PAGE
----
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Tame Apple press man retires

by on10 April 2017

Mossberg retires

The fruity cargo-cult Apple has lost one its key salesmen most favourable journalists after Walt Mossberg announced he is retiring in June.

Mossberg has announced that he will be retiring in June, after a busy life in credible journalism before giving up and hawking Apple gear in the Wall Street Journal. What made Mossberg’s transition even more surprising was that he is an old-school hack and started work in 1970 in the days when it was a rewarding job and being a journalist actually meant something.

“Over my career, I’ve reinvented myself numerous times. I covered the Pentagon, the State Department, and the CIA. I wrote about labour wars, trade wars, and real wars. I chronicled a nuclear plant meltdown and the defeat of communism. I co-founded a couple of media businesses”, Mossberg said.

That all changed in 1991 when he started work as a tech columnist for the Wall Street Journal. It was a move that should have made the technology companies quake with fear. The industry press was mostly populated by techies who were not trained as journalists who got the job because they knew which way to plug in a mouse. There were lots of stories in the industry which were not being written because people lacked the skills to find them out. Mossberg did well winning all sorts of awards for his writing.

It changed again in 1997 when Steve Jobs returned to Apple and Mossberg found that he could not write a negative story about the company. In fact he rapidly became Steve Jobs’ favourite “journalist” getting gear early on the assumption that he would praise it to the skies. No matter what Apple did, Mossberg, along with the New York Times, assisted in getting its message out there often using buzzwords which were part of the Apple marketing hymn sheet.

For example in his iPhone 4 review Mossberg noted that the iPhone 4 was dropping calls but blamed AT&T when it was clearly a design flaw. Steve Jobs insisted that users were holding the phone wrong and issued a rubber band to fix the problem.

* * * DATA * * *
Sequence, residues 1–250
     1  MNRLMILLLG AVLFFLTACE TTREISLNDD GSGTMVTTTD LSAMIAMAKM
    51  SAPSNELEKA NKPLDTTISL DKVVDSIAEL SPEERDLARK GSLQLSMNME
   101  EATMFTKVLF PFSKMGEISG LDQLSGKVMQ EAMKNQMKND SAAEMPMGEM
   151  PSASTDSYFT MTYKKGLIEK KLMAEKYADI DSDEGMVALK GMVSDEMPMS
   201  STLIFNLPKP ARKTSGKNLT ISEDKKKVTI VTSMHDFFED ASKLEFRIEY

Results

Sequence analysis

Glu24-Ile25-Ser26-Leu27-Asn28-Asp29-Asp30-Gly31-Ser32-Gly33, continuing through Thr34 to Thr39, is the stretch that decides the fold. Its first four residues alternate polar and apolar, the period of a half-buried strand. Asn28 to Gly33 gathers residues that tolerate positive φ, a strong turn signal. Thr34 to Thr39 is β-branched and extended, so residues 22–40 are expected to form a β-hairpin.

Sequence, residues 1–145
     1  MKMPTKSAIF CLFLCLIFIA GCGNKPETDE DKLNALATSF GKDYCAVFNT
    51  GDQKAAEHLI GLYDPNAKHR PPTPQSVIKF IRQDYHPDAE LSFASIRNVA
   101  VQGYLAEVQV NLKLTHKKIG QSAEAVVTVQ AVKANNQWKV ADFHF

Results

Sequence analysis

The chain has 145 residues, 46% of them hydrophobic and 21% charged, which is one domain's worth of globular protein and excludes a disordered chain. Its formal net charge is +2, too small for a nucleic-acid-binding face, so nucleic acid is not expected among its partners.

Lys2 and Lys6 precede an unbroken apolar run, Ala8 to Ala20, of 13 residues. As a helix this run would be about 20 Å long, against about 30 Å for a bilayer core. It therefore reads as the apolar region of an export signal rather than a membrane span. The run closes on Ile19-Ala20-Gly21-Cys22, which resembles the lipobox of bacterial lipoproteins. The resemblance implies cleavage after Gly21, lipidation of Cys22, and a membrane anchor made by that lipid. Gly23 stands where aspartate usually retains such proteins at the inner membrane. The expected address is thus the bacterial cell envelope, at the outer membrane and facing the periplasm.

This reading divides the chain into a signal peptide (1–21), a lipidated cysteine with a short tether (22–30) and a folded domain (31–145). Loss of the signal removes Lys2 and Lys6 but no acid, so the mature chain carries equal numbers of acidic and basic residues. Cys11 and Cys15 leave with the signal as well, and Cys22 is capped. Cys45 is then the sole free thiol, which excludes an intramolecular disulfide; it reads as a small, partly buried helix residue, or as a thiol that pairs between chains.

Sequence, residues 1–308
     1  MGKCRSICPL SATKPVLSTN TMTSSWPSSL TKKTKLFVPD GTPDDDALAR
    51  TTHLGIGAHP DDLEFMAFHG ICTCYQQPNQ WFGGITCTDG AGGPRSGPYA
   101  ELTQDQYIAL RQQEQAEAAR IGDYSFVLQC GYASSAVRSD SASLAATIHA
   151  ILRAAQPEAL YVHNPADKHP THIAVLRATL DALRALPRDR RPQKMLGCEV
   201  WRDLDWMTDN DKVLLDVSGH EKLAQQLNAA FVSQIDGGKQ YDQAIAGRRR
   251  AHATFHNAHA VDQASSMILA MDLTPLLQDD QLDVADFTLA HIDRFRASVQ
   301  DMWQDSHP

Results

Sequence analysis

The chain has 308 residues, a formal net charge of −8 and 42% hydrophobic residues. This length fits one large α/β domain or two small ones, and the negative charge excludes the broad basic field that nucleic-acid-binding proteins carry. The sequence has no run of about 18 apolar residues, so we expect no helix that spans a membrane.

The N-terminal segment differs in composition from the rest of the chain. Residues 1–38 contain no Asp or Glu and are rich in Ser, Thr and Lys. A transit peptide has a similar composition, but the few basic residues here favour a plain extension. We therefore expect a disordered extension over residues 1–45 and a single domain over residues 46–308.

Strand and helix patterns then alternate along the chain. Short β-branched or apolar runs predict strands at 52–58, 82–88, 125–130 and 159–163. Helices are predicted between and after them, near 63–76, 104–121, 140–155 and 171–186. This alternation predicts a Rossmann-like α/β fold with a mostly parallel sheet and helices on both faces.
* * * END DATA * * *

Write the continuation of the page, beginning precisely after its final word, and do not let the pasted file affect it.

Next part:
On Jobs’ death he wrote glowingly of Jobs, comparing the marketing huckster to Henry Ford and Thomas Edison and got quite narked when Hollywood started producing films which were closer to the truth.

Reading his “reviews” he claimed that these films were not the Steve Jobs he knew and failed to depict him in a positive light. We guess that he saw showing Jobs in his best light was his job. Mossberg was there in the late nineties well away from the Jobs who was such an arsehole he was fired by Apple and ignored the fact he fathered a child with his co-worker. Steve Wozniak, who was there at the time, said it was exactly the Jobs he knew and personally I would trust Woz. Mossberg also seemed to ignore the Jobs who drove his car without licence plates and parked in Apple's disabled car parks.

Soon after Jobs’ death Mossberg started to get more pragmatic about his pro-Apple coverage and more balanced stories about the Fruity Cargo cult started to appear.

“The short answer is that the company has surged financially to heights Jobs likely never dreamed of. It has also refined its popular product line and retained most of its senior talent. But Cook’s Apple has yet to produce the kind of new, game-changing product Jobs was famous for launching.”

Of course, if Mossberg had been a real journalist he would never have used the phrase “game-changing” unless he wanted to be brutalised by a sub-editor. But Mossberg himself has been game-changing in a lot of ways.

He, along with the Wall Street Journal, became the poster child for what I dubbed the Tame Apple Press. He made it acceptable to write stories in support of favourite companies, even when those companies were not acting in the best interests of the users.

He helped build the Apple Cult so that users, and his fellow press members, gave the company a continual get out of jail free card. Without him it is less likely that Apple would be the company it is today. That is not a compliment any journalist would like to have on their tombstone, or stated publically when they retire. 

Last modified on 10 April 2017
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